Can You Get an Electric Car Loan?

Can You Get an Electric Car Loan?

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A KPMG survey of 800 executives in 38 countries working for car manufacturers, suppliers, dealers and finance providers revealed that 90% of bosses believe that electric cars will dominate the market in 2015.

Electric cars are extremely popular in Europe, especially in Norway, where nearly 1 in 3 new cars registered is an EV, and the government have a program to phase out fossil-fueled vehicles by 2025.

So why is Australia falling behind?

It's partly due to the government legislation passed in 1989 to protect the now non-existent Australian car manufacturing industry which prohibits the direct import of certain makes and models of cars.

This will all change in 2018 with the introduction of new laws allowing personal imports and reductions of customs tariffs.

If you're sick of changing the oil, filling up with petrol, and driving a car that's expensive to maintain, with hundreds of parts that can break - an electric car may be just what you are looking for.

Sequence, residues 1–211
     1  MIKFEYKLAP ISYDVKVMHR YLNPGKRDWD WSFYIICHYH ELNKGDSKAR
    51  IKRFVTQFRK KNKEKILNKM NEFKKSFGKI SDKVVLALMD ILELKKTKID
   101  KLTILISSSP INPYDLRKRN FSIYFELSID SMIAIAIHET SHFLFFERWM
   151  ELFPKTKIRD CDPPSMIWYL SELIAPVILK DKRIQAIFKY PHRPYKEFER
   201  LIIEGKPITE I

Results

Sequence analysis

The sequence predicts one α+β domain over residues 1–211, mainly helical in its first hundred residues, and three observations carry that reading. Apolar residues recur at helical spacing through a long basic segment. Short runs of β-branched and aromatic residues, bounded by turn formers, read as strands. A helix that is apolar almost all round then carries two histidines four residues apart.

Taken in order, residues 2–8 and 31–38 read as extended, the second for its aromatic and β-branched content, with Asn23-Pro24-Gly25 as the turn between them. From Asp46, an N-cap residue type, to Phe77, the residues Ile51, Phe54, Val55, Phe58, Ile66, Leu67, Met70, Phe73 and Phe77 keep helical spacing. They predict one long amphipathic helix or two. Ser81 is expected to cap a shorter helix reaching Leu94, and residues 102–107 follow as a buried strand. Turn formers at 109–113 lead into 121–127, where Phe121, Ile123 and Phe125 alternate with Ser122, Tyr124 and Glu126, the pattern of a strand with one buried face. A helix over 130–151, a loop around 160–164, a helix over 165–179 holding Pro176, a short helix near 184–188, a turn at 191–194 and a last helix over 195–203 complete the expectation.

You can even get a car loan to buy a new or second-hand electric car, and use the money you'll save on fuel and repairs towards loan payments.

Why Buy An Electric Car?

An electric car motor has only 20 moving parts, compared to more than 2,000 parts that make up an internal combustion engine (ICE) of a regular car.

Fill up for free at the increasing free fast-charge points around Australia

The electricity costs for an electric car are just a fraction of what you'll pay for fuel to travel the same distance.

Plus, unlike a petrol car, regularly released software updates mean that your electric car will only get better over time as the technology improves.

Right now electric cars are still very expensive, but it's been predicted that by 2020 a brand new electric car will cost you just $30, 000. That's under the current median price of $33, 000 you'll pay for a combustion engine car right now.

Where can you 'fill-up' your EV?

As electric cars have become more popular, hotels, caravan parks, shopping centres and cafes have begun to offer free charging as an additional reason to spend time there. There's even an electric car charging point at the Positive Group head office in Adelaide.

In Western Australia, seven councils in the South West are building Australia's first 'electric highway'. The RAC is funding 50-kilowatt charging stations from Perth to Augusta, including the popular tourist destination Margaret River, where you can recharge in about 30 minutes.